Prior to conducting our product review, we spent a lot of time researching all the various WiFi boosters that are available on the market. We looked not only at the power and range specifications, but also looked for differing sizes to fit the various types of situations that we felt RV'ers would encounter based on the feedback from our Product Testing Review.
The products that we short listed were 1) a 1.2W High Power external antenna for the roof, ladder or flag-pole mounting, 2) a mini-WiFi booster for it's extreme portability, 3) a High-Gain Antenna for it's unique design, and 4) a 1W Desktop Antenna for it's great price, excellent specifications and good portability.
From our Product Testing Review, the feedback that we got was that the Range and Speed are the primary considerations for a WiFi booster, followed by Ease of Use, Technical Support, Portability and then price. We wanted to conduct a test that was as realistic as possible and so tested each product at an RV campground. Although there was no high power WiFi available to test the range (remember that in order to get a good distance, you need not only a powerful WiFi booster, but a powerful WiFi transmitter, just like two-way radios). There was a good fast open WiFi network which we could just pick up in the back of our RV, but not in the front, and so this became our test subject.
Speed was tested with a number of different tests that attempted to simulate the type of tasks the WiFi might be used for. These were:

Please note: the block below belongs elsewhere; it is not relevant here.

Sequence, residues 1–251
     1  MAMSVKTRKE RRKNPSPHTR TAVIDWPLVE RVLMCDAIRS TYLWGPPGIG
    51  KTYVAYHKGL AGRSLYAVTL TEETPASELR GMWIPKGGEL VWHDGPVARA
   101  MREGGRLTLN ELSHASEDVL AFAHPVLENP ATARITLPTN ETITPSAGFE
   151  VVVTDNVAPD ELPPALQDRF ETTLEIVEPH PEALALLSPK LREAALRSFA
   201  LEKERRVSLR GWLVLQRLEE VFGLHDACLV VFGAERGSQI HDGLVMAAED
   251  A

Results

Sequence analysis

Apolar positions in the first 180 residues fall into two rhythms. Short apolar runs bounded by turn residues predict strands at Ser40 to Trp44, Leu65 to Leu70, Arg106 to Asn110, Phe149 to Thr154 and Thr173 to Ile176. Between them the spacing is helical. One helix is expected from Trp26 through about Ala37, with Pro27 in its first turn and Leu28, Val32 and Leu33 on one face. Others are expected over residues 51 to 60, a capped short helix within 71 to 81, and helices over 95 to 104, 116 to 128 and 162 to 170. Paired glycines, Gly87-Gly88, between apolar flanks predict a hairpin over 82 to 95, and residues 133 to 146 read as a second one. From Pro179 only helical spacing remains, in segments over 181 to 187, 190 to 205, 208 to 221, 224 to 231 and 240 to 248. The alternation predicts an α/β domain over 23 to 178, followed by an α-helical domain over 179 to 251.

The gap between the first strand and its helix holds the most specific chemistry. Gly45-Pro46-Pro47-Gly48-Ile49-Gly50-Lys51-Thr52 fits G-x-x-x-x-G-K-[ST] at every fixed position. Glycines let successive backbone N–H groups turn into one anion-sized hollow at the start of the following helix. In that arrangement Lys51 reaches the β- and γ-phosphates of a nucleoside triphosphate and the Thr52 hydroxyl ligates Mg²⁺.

Ease of use was evaluated by considering how easily the drivers installed and how easy the WiFi control software was to use. Support was tested by placing calls to each of the companies looking for technical assistance.
- File download - here we downloaded a 19Mb file (actually the photo editing program called Gimp)
- 'Album Upload' was uploading 13 photos to a Picasa Web Album at full resolution
- Download speed / Upload speed were tested using the online DSL speed tests from the site MySpeedTestOnline.com
To try to give a feel for how the products performed, each of the results was normalized by comparing it to how my Sony Vaio laptop performed on its own, without the booster. The graph therefore show how much faster (or slower) the speed was using each product. A couple of points to note are that the upload speeds are all fairly similar. This is because they were not really fast enough to stress the WiFi connection (notice how the download speeds show a much bigger difference).
So here's the results in order (best first):
Although the High-Gain Antenna is nicely made and sounds like a good idea, it really fails to deliver across the board. It's too big to fit in a pocket or briefcase, and is hard to direct towards the signal. During the testing, it wasn't clear exactly where the signal source was. Each time an adjustment was made to the antenna, you needed to refresh the signal, quite a lengthy process. Of course, each time you switched signals, you would need to go through that process. In our opinion, this meant that the product was pretty hard to use. The mini-WiFi booster appeared nicely made, was easy to install and use, but really failed to impress technically. Our two favorites from the testing were the High Power External and the 1W Desktop Antennas. They both performed extremely well technically, were easy to use, and seemed to do a great job of hitting the two main requirements of long range and portability.
- High Power External - This unit performed best in every category. Normally it would be mounted higher up on top of your RV or on a flag pole. For my test, it was only 6-8 feet up and so my expectation is that it would do even better than these tests suggest, especially at larger distances.
- 1W Desktop Antenna - Scored extremely well across the board, but especially in upload speeds
- Mini-WiFi Booster - Performed well, but disappointing download speeds
- High-Gain Directional Antenna - Struggled across the board, especially with download speed.